Scientists Test Hallucinogens for Mental Ills

  Scientists Test Hallucinogens for Mental Ills

Posted by FoM on March 12, 2001 at 22:04:15 PT
By Sandra Blakeslee 
Source: New York Times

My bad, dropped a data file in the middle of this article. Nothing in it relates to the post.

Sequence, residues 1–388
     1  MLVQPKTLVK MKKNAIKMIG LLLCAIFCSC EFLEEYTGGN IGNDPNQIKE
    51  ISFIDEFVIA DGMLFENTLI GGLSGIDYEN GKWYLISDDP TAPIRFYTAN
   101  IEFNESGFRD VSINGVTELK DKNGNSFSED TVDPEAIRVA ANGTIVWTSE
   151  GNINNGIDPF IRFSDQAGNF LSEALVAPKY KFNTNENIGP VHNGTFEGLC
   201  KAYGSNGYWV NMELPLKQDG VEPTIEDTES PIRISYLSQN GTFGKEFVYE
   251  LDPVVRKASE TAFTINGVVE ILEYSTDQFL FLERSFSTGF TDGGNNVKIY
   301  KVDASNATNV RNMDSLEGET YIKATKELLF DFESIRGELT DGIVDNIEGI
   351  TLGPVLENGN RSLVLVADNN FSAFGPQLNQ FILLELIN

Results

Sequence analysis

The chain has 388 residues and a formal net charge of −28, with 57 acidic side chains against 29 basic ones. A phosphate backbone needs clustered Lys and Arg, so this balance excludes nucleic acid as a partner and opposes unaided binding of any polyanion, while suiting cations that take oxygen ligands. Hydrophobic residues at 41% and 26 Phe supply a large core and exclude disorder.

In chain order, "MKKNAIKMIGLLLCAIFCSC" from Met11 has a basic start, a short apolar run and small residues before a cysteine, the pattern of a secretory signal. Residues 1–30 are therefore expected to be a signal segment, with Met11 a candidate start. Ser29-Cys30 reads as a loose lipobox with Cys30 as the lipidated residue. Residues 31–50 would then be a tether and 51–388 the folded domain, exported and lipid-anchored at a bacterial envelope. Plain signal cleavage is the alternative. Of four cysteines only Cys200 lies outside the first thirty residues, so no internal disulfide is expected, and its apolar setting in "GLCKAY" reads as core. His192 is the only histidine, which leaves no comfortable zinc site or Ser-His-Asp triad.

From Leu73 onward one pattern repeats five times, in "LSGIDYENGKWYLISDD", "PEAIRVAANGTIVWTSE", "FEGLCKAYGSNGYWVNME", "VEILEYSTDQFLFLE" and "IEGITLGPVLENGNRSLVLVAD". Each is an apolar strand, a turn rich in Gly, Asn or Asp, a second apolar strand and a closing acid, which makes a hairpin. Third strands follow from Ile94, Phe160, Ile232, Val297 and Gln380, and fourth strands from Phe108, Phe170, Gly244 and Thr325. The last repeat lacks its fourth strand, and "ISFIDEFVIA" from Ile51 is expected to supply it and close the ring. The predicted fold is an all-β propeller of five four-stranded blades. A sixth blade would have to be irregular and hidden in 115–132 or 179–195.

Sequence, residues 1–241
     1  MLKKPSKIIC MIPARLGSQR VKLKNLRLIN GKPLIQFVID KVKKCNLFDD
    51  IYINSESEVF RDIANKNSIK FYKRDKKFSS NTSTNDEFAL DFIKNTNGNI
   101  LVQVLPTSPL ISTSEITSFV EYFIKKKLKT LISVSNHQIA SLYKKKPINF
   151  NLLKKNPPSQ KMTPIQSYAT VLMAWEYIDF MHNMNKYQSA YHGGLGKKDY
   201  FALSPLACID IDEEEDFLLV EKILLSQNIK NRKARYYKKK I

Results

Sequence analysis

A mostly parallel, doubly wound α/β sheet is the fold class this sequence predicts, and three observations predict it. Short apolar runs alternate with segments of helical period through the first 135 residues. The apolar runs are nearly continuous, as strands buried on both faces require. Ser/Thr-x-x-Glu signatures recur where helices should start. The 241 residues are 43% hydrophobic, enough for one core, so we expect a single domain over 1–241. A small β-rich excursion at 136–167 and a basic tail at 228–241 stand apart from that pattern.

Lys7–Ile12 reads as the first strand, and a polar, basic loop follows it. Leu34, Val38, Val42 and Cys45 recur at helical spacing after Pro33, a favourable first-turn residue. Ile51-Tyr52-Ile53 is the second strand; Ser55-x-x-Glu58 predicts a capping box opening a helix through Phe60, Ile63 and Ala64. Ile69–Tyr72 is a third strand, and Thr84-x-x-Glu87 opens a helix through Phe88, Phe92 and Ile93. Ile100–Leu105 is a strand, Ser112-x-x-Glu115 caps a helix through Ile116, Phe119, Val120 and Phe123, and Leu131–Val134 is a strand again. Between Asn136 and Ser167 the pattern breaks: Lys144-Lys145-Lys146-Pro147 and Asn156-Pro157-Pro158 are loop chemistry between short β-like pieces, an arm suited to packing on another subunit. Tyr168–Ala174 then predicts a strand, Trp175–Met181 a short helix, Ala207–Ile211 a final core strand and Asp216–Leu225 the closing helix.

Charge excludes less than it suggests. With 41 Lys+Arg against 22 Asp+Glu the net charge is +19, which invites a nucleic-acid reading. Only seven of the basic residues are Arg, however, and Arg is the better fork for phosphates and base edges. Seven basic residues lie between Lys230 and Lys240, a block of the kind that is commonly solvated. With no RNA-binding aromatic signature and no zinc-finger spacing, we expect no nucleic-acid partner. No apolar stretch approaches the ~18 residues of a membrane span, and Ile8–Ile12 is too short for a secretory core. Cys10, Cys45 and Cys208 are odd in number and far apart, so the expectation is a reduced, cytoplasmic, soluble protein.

Hallucinogenic drugs like LSD and peyote — derided as toys of the hippie generation — are increasingly drawing the interest of neurologists and psychiatrists who want to test the idea that they may be valuable tools in treating a range of mental disorders.Although there are anecdotal reports that psychedelic drugs can help some people with mental illness, the idea has never been substantiated by mainstream psychiatry and remains highly controversial — some would say outlandish.